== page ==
The Female World of Love and New Possibilities: Same-Sex Intimacies and the Reimagination of 1970s American Public Life
This paper explores the various uses of same-sex intimacy as a feminist trope from 1970 to 1973. Focusing on the lesbian feminist monthly Lesbian Tide and radical feminist newspaper Everywoman, it finds that writers used discussions of same-sex intimacy—both erotic and platonic—to promote empathy among readers and to help them realize that the life that they led was not necessarily their choosing. Equally important, affirming discussions about same-sex intimacy positioned women as political agents. With men deemed untrustworthy, readers were goaded to draw inspiration from one another, transcend their expected places in society, and fight for their own liberation and eventually the liberation of all marginalized people.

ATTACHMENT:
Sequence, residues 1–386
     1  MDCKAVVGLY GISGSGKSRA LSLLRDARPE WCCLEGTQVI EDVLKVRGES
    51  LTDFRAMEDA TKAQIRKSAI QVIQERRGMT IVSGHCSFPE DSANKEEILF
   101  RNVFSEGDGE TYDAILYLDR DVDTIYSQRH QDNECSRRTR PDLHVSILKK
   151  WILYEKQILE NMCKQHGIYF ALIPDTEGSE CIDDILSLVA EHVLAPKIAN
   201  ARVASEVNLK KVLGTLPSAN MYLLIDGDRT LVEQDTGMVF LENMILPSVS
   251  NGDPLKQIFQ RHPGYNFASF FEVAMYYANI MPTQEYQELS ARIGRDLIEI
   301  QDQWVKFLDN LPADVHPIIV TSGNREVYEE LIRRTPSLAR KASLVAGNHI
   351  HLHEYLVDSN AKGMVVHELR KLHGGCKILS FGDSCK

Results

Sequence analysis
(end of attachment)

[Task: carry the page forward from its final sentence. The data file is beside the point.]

This female world of love and new possibilities, as I call it, was central to lesbian and radical feminism. Yet, it was partly a fiction. Beneath the anti-male sentiments and separatist diatribes that animated calls for female same-sex intimacy was an underling commitment to promote the virtues of democratic pluralism under which such labels as “woman” and “man” were unnecessary. Far from being removed from the political mainstream, as scholars have suggested, lesbian and radical feminist writing elevated questions of love, happiness, belonging, and other cultural states to the center of political discourse at a moment when a nascent neoliberal consensus threatened to render them obsolete.
See more of: AHA Sessions